Investment Portal of the Arctic Zone of the Russian Federation

Northern tourism industry and language preservation: 'The individual as an independent value'

Children of the Arctic experience at the Days of Siberia and the Arctic 2023

19 november 2023

The unique identity of the inhabitants of the Polar region is not just a concept. The vast expanses of the Russian Arctic have a low population density, with less than one person per square kilometre. Add to this the harsh environmental conditions that periodically cause logistical issues and limit access to civilisation's amenities—living in the North is only possible in a community where each member holds unique value and bears a special responsibility for themselves, their loved ones, neighbours and their land. Such conditions give rise to an exceptionally delicate ecosystem that requires care and, more importantly, understanding.

As part of the Days of Siberia and the Arctic 2023 forum held in mid-November, a round table discussion titled 'The Individual as an Independent Value' took place. The discussion addressed the recruitment and retention of personnel for the rapidly growing economy of the AZRF, population growth in Arctic regions, balancing the interests of 'newcomers' from the mainland with those of indigenous peoples and preserving the culture of the North's indigenous minorities. In today's world, the traditions of small ethnic groups often quickly fade, languages are lost and customs forgotten. Globalisation, which inevitably follows industrial civilisation, creates a universe where maintaining an ethnic group's identity can be challenging. However, in Russia, there are programmes aimed at preserving the traditional economy of indigenous peoples, as well as modern approaches that allow the reproduction of cultural heritage in today's reality.

During the round table, Artur Agafonov, editor-in-chief of the Children of the Arctic portal, shared his experience in preserving the languages of indigenous peoples. He stated that integrating communities into the contemporary hospitality industry creates an environment where the preservation of traditional culture and language becomes an advantage, creating jobs and improving living standards. Arctic tourism will never be mass-market in the conventional sense due to the harsh living conditions and remoteness of the regions, which result in relatively high costs. However, those who venture to the North are highly motivated and interested in the local nature, lifestyle and language. They are prepared to endure minor inconveniences, viewing them more as part of an adventure to gain a unique experience. This leads to a remarkable socio-cultural exchange—while 'ethnic tourists' immerse themselves in the allure of Arctic life, locals engage with the 'outside world,' no longer feeling sidelined by history.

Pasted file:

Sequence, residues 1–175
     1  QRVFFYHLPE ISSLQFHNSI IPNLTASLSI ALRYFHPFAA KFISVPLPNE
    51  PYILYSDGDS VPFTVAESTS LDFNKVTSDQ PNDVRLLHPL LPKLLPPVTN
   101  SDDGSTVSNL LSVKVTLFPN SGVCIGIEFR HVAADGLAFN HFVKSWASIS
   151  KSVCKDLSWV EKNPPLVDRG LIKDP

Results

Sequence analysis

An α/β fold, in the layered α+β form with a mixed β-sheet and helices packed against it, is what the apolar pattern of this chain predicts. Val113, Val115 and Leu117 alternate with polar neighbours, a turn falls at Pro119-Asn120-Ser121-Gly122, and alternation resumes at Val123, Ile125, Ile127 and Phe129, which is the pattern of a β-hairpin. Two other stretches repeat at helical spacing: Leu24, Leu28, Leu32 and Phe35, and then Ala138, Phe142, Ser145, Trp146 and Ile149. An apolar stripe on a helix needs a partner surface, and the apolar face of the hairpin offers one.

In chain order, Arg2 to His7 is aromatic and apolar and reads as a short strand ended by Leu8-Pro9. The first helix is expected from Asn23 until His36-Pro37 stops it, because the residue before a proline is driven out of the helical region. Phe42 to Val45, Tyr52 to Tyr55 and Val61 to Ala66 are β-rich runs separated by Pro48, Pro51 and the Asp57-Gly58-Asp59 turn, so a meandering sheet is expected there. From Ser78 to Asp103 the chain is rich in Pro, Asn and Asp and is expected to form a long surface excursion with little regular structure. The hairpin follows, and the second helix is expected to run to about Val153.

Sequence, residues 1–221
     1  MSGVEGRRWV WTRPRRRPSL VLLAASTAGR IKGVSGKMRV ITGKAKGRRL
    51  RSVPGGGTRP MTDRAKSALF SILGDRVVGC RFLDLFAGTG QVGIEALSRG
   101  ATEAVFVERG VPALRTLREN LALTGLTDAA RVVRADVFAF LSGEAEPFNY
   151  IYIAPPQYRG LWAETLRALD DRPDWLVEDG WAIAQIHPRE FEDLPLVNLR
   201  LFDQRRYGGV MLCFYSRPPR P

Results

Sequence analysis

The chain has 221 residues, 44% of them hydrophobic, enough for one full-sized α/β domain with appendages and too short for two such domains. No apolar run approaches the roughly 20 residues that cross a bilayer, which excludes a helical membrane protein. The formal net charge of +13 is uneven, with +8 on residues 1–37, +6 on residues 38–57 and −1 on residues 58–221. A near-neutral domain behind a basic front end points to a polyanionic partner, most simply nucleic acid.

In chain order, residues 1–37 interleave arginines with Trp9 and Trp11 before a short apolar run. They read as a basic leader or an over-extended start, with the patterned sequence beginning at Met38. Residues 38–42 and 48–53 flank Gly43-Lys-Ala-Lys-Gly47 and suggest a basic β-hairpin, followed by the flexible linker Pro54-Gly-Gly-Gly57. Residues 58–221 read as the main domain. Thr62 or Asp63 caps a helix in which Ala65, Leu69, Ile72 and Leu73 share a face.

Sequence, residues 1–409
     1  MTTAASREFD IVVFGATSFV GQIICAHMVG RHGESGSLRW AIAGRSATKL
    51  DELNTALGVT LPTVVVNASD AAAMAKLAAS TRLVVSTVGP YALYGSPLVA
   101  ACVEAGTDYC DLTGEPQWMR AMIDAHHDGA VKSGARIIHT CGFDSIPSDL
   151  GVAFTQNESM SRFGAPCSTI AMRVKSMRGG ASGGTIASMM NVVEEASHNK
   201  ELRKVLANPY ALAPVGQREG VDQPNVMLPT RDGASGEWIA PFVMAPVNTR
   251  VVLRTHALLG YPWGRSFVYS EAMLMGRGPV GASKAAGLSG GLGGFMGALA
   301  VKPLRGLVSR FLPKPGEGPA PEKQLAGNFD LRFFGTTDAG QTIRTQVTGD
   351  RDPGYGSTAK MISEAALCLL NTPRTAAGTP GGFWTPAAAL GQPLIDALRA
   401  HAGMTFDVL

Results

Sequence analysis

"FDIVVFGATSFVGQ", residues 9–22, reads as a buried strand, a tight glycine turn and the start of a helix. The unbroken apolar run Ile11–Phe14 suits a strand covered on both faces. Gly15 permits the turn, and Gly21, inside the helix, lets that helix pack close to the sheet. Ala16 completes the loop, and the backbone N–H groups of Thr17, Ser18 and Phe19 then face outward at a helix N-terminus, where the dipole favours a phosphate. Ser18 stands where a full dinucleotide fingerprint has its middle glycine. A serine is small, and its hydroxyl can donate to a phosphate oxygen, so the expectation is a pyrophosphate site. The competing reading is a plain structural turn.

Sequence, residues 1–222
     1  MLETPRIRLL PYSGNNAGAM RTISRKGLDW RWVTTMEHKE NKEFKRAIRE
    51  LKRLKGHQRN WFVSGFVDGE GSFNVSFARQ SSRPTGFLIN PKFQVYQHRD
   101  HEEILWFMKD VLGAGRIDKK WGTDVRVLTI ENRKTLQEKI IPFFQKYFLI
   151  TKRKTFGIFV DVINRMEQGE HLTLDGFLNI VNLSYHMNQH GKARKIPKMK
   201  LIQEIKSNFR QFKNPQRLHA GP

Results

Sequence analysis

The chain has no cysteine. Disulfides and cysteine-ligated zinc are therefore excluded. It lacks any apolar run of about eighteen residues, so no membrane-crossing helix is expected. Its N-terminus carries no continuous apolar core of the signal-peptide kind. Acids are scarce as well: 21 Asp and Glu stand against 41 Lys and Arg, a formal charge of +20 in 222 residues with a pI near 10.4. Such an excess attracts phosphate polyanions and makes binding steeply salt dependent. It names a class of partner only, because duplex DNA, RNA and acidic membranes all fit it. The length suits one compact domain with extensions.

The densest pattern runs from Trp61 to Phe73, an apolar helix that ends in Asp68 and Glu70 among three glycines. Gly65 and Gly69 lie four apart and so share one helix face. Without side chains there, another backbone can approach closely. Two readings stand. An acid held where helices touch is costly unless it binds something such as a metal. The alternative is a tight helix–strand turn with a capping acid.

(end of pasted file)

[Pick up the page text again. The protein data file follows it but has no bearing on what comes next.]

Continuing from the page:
The Arctic population exodus is partly due to isolation, especially informational. Actively involving nomads, sea hunters and inhabitants of remote settlements in the tourism industry could potentially address their communication needs. Indeed, we must not overlook the economic and scientific significance of such tourism clusters. While it may not be immediately apparent, it's crucial to note that enthusiasts committed to preserving their people's heritage often rally around ethnographic tourist sites or projects. Previously, their efforts were largely driven by altruism. However, with the chance to improve their living conditions, their work could become much more efficient, eliminating the need for additional jobs.

For those not prepared to personally venture to the Arctic, a digital space is available. The Children of the Arctic portal was established to conserve and promote knowledge about the culture of Russia's northern peoples. To achieve this, it provides a broad array of educational and enlightening projects. These range from language courses for Arctic ethnic groups, an animated series about life in the Arctic Circle, to a cycle of scientific and educational broadcasts. The project's initiatives serve a dual purpose: they generate widespread interest in the life and traditions of indigenous peoples, promoting their identity, including for themselves, while also functioning as a practical educational resource. These resources are used both in the tundra and in large cities, where people are rediscovering their own roots.

From this point, it's just one step away for the northern languages to reverberate loudly once again—the more speakers there are, the more vibrant the tradition becomes. Now, there's no need to visit a Nenets camp to hear their language and practice communication. Language chat rooms, social media groups and messengers exist where people converse in their native dialects. Of course, this is just a part of the broader strategy to preserve the heritage of indigenous peoples in Russia, serving as a first step for many.

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